BDKRB2 9-−9 Polymorphism Is Associated with Higher Risk for Diabetes Mellitus in the Brazilian General PopulationReport as inadecuate

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Experimental Diabetes ResearchVolume 2012 2012, Article ID 480251, 4 pages

Research Article

Laboratory of Genetics and Molecular Cardiology, Heart Institute InCor, University of Sao Paulo Medical School, Avenida Dr. Enéas de Carvalho Aguiar, 44 Cerqueira César, 05403-000 São Paulo, SP, Brazil

Department of Medicine, Ouro Preto Federal University, Ouro Preto, MG, Brazil

Department of Physiology, Espirito Santo Federal University, Vitória, ES, Brazil

Received 3 October 2012; Accepted 1 November 2012

Academic Editor: Aristidis Veves

Copyright © 2012 Rafael de Oliveira Alvim et al. This is an open access article distributed under the Creative Commons Attribution License, which permits unrestricted use, distribution, and reproduction in any medium, provided the original work is properly cited.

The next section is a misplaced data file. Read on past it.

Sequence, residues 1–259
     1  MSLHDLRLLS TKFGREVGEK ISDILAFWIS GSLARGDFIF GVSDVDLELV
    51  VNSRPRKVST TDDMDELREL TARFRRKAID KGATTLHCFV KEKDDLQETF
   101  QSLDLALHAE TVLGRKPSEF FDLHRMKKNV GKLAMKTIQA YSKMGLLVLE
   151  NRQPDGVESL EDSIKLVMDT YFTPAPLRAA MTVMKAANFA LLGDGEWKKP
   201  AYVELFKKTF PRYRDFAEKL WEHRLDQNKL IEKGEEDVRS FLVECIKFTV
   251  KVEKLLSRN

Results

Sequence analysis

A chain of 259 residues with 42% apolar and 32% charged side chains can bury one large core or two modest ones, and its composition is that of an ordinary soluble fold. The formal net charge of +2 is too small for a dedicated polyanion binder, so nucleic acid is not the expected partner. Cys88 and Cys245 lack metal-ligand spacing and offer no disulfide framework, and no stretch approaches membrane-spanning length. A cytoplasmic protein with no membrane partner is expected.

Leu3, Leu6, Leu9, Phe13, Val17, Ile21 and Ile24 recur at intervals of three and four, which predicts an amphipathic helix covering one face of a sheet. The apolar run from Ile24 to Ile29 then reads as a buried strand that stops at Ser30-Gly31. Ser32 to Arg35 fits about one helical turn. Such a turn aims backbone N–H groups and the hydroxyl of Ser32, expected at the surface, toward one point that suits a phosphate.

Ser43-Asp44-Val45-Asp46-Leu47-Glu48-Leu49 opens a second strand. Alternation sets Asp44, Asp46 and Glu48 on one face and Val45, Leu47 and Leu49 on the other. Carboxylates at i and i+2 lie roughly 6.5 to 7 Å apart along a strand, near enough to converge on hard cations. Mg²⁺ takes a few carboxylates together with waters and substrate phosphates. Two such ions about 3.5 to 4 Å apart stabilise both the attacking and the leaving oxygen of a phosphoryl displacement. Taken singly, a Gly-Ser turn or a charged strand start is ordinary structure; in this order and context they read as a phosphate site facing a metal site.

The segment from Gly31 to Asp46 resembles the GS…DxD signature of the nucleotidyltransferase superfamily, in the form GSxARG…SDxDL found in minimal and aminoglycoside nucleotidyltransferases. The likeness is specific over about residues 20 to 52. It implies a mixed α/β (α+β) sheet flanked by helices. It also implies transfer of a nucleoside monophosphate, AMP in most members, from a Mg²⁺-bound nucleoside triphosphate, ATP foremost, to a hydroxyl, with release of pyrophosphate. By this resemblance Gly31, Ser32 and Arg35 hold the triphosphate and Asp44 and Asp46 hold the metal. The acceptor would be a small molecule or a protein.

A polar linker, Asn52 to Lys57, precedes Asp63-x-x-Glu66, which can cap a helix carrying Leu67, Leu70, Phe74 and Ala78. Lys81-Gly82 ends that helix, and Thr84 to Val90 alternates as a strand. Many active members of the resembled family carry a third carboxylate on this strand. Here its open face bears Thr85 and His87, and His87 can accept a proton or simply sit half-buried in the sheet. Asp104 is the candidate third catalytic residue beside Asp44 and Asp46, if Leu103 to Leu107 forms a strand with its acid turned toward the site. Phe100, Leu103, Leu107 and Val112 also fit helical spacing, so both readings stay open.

Some mechanisms have been proposed to explain the role of bradykinin on glucose homeostasis and some studies reported that the BDKRB2 +9-−9 polymorphism was associated to the transcriptional activity of the receptor. In this scenario, the main aim of this study was to evaluate the association of the BDKRB2 +9-−9 polymorphism with diabetes mellitus risk in the Brazilian general population. This study included 1,032 subjects of the general urban population. Anthropometrical, blood pressure, biochemical, and genotype analyses for the BDKRB2 +9-−9 bp insertion-deletion polymorphism were performed. Individuals carrying +9-+9 or +9-−9 genotypes had higher glucose values 84.5 mg-dL versus 80.6 mg-dL, resp. and higher frequency of diabetes mellitus 7.6% versus 3.6%, resp. compared to individuals carrying −9-−9, adjusting for age and gender. In addition, higher diabetes mellitus risk was associated to presence of the +9-+9 or +9-−9 genotypes OR = 1.91; 95% CI = 1.09–4.19; . Our data suggest that the BDKRB2 +9-9 polymorphism may act as a genetic modulator of glucose homeostasis. It was previously associated to insulin sensitivity, glucose uptake, and insulin secretion, and, in this study, data suggest that the polymorphism may increase susceptibility to chronic metabolic conditions such as diabetes in the Brazilian population.

Author: Rafael de Oliveira Alvim, Paulo C. J. L. Santos, Raimundo M. Nascimento, George L. L. M. Coelho, José G. Mill, José E. Krie



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